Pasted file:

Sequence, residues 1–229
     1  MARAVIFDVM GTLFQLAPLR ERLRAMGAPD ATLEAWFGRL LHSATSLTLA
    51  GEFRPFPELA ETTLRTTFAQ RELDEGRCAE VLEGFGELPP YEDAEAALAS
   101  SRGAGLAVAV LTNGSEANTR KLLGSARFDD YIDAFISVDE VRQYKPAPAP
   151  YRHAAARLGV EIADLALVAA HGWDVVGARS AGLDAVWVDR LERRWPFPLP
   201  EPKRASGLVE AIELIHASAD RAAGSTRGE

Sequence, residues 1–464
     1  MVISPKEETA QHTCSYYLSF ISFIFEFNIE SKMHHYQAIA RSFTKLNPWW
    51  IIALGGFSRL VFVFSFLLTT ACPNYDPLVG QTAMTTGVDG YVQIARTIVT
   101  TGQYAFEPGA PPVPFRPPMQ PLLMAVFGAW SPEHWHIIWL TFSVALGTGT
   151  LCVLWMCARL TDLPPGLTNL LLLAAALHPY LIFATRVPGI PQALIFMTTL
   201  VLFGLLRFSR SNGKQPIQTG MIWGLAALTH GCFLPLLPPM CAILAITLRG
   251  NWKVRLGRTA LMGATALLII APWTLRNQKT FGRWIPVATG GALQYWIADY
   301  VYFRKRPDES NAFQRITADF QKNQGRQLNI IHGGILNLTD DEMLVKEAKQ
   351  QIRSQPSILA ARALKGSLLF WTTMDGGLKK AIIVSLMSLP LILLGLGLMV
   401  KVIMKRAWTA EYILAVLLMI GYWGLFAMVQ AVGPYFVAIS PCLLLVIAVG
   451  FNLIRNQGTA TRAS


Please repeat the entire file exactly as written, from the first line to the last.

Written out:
Sequence, residues 1–229
     1  MARAVIFDVM GTLFQLAPLR ERLRAMGAPD ATLEAWFGRL LHSATSLTLA
    51  GEFRPFPELA ETTLRTTFAQ RELDEGRCAE VLEGFGELPP YEDAEAALAS
   101  SRGAGLAVAV LTNGSEANTR KLLGSARFDD YIDAFISVDE VRQYKPAPAP
   151  YRHAAARLGV EIADLALVAA HGWDVVGARS AGLDAVWVDR LERRWPFPLP
   201  EPKRASGLVE AIELIHASAD RAAGSTRGE

Sequence, residues 1–464
     1  MVISPKEETA QHTCSYYLSF ISFIFEFNIE SKMHHYQAIA RSFTKLNPWW
    51  IIALGGFSRL VFVFSFLLTT ACPNYDPLVG QTAMTTGVDG YVQIARTIVT
   101  TGQYAFEPGA PPVPFRPPMQ PLLMAVFGAW SPEHWHIIWL TFSVALGTGT
   151  LCVLWMCARL TDLPPGLTNL LLLAAALHPY LIFATRVPGI PQALIFMTTL
   201  VLFGLLRFSR SNGKQPIQTG MIWGLAALTH GCFLPLLPPM CAILAITLRG
   251  NWKVRLGRTA LMGATALLII APWTLRNQKT FGRWIPVATG GALQYWIADY
   301  VYFRKRPDES NAFQRITADF QKNQGRQLNI IHGGILNLTD DEMLVKEAKQ
   351  QIRSQPSILA ARALKGSLLF WTTMDGGLKK AIIVSLMSLP LILLGLGLMV
   401  KVIMKRAWTA EYILAVLLMI GYWGLFAMVQ AVGPYFVAIS PCLLLVIAVG
   451  FNLIRNQGTA TRAS